There is some concern that by posting my photos I might be detracting from the spiritual welfare of others, such as the viewers that get aroused by my photos, or possibly the husband who uses my situation as impetus to further his crossdressing which causes contention in his marriage. Well, although I do post some sensual photos I try to keep things classy and artistic. I can't control how others might percieve those in a way that I didnt intend. My purpose in posting such photos is to see how far I can take the illusion and to create images that I think are appealing. As for marriages, if anyone reads a little of what I've written, they would see how much I emphasize being sure to keep your spouses concerns formost in your mind. I have heard from dozens of people that have written me to say that my example has saved his marriage, or given someone an example of how to keep balance and priorities in line, etc I hope to be an example to others that it is possible to crossdress frequently for fun and still maintain a "normal" life.
I've always been a Christian, I guess... baptized as a baby, raised to be in church on Sundays. I didn't begin my journey with my femininity until my teens, but it soon became another deep piece of me. Sure, initially the dressing was a fetish motivated by hormonal arousals... I think many find that to be the initial attraction, and one I assumed would go away when I got married. But it didn't... it had become an ingrained piece of me, but it had begun to change and morph into something else, something not so much hormonal as emotional. I liked having a softer, kinda prettier side. But I never escaped the guilt I felt about it, because I just "knew" it was wrong, even sinful. Every Sunday I would silently confess my sin to God and plead Him to forgive my weakness, to forgive the transgression of this weird and odd thing I enjoyed.
In my thirties I became a student (later, a teacher) of the Bible. I came to understand the complexities and ancient implications of the Jewish Law (the Ten Commandments and the other 603 laws), how they were given to Moses with the intention to be rules for developing an exemplary society among the Jews. I also saw how the Laws became (as Paul put it in Acts 15) a millstone around the necks of the Jews and led to their conquest and exile. Jesus, when asked, boiled all those 613 Laws (including the "one about crossdressing", Deut. 22:5) down to two - love God, love others. I learned that Jesus hung out with lots of outcasts (although never with crossdressers, best we know) and loved them. And I wanted Him to love me... but I didn't love myself. I couldn't get to feeling forgiveness for this weird weakness I "suffered" from. And which I couldn't shake. And which, I believed, inflicted only me and nobody else.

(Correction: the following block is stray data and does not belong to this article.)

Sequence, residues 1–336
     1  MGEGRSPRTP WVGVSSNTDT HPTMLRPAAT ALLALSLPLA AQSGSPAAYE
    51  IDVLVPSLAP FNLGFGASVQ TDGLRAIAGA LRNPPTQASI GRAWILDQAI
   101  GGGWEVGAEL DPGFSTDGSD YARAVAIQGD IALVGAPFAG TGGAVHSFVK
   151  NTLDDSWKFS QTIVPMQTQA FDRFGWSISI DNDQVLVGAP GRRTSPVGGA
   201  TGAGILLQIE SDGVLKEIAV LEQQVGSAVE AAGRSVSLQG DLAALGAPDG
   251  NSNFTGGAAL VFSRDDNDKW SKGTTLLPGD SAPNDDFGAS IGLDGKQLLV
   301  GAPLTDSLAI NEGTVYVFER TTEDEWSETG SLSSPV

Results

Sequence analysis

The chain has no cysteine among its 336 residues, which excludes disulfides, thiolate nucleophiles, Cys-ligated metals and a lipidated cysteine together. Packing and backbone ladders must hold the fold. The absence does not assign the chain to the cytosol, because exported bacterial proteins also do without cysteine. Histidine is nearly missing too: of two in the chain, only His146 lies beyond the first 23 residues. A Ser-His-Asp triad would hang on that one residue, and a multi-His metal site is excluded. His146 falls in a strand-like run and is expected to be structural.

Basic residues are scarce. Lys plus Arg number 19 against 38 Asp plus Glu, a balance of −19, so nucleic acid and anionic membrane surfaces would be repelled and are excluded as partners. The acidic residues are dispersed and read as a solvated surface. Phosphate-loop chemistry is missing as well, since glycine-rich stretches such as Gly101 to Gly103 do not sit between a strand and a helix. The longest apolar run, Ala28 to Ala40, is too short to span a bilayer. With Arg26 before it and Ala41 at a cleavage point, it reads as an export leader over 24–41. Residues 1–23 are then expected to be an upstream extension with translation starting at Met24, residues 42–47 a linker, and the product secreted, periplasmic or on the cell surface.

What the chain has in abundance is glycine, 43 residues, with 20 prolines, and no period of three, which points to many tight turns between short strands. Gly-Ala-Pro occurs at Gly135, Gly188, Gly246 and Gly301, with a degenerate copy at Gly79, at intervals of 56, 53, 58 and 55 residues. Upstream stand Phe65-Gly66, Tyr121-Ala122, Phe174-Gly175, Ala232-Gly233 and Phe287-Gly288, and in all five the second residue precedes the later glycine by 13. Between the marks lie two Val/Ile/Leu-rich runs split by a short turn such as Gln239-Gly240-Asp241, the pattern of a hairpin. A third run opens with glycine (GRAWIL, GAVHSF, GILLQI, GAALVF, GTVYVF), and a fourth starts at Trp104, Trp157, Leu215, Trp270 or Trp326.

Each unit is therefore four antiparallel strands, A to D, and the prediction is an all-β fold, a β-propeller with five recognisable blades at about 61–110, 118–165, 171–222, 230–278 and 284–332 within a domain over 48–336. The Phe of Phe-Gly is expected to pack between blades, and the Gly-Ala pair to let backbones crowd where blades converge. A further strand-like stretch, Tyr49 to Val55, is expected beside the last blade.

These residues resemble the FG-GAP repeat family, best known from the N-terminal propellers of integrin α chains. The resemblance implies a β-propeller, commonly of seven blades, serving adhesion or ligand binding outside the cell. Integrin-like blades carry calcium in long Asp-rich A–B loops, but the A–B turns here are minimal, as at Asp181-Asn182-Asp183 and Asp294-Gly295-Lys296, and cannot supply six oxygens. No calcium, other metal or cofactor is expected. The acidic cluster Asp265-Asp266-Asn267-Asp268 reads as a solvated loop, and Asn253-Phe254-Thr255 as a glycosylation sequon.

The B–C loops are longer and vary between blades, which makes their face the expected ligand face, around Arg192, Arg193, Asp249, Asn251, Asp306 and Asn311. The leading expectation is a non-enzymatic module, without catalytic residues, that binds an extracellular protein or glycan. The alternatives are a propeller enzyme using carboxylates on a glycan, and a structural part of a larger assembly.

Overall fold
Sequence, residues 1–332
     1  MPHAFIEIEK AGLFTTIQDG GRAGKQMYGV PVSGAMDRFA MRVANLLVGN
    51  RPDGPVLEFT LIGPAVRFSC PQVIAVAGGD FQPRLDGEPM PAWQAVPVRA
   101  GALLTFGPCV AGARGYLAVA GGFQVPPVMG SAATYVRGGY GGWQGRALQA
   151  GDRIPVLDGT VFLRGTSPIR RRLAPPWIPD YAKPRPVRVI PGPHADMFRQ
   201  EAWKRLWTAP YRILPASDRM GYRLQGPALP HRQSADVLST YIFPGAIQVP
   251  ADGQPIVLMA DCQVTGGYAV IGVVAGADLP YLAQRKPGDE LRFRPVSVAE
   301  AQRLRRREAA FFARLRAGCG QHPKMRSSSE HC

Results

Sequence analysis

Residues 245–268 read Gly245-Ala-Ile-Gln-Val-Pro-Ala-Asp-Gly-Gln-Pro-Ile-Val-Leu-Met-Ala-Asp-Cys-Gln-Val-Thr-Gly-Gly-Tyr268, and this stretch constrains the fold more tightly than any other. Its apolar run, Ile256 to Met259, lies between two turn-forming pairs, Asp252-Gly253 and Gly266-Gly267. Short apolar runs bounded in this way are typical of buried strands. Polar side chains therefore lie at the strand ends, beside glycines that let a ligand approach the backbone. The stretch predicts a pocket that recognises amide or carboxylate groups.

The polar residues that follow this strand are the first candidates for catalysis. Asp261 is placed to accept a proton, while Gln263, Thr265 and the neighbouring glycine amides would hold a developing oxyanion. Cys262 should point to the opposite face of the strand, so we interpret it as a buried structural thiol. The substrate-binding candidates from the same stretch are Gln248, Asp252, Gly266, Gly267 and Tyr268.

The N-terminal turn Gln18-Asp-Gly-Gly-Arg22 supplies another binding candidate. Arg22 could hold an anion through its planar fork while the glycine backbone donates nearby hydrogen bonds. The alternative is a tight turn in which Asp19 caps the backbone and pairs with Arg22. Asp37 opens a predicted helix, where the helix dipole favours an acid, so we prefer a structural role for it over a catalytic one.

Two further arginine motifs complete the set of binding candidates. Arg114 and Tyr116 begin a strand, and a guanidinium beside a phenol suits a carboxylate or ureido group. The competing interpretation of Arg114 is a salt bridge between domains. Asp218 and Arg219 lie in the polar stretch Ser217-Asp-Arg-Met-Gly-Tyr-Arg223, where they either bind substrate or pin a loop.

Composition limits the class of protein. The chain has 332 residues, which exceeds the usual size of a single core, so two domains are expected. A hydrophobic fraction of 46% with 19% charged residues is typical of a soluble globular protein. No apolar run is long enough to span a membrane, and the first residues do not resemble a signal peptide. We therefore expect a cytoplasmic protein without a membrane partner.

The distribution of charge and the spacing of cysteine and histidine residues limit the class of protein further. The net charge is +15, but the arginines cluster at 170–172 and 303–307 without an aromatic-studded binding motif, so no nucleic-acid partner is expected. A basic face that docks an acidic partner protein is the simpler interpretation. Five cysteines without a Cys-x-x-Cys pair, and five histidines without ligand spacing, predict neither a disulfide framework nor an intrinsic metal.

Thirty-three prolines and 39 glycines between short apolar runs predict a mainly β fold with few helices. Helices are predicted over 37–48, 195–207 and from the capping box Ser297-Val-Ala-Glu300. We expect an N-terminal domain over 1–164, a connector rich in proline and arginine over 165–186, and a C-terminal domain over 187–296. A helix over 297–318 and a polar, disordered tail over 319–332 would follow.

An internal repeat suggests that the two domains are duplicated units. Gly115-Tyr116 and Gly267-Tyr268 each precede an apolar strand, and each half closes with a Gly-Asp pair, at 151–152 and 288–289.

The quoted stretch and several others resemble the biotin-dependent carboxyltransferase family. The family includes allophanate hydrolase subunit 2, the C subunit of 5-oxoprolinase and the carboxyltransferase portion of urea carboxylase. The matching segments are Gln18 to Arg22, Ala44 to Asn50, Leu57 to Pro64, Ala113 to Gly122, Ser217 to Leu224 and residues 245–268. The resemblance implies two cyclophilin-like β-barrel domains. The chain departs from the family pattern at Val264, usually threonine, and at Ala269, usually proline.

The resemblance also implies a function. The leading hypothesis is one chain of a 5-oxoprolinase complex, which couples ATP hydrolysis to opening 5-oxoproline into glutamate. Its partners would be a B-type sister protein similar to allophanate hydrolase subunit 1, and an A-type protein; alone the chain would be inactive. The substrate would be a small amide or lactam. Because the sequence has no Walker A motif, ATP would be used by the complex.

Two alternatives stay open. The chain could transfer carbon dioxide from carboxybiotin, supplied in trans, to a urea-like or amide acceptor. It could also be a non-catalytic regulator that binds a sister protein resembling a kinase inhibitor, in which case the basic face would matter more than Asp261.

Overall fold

In the early 1990s the Internet led me to others who had the same feelings... and while I felt blessed relief that I wasn't the only one, the feeling that this was still a sin in need of forgiveness remained. But these 'girls' I met online were open and honest, and they were a hurting community... damaged by years of hiding and shame that I knew well. That, I realized, was what we shared... far more than clothes and makeup.
And then - apart from the femininity issue - I really discovered Matthew 25:31-45 ("whatever you do for the least of these... sisters, you do for me") and what it meant to serve others as Christ called us to do. I built houses, I worked soup kitchens... and I found my soul. Except every Sunday, I was still begging for forgiveness... for myself, for my "sin". Then, as God so often does, it hit me.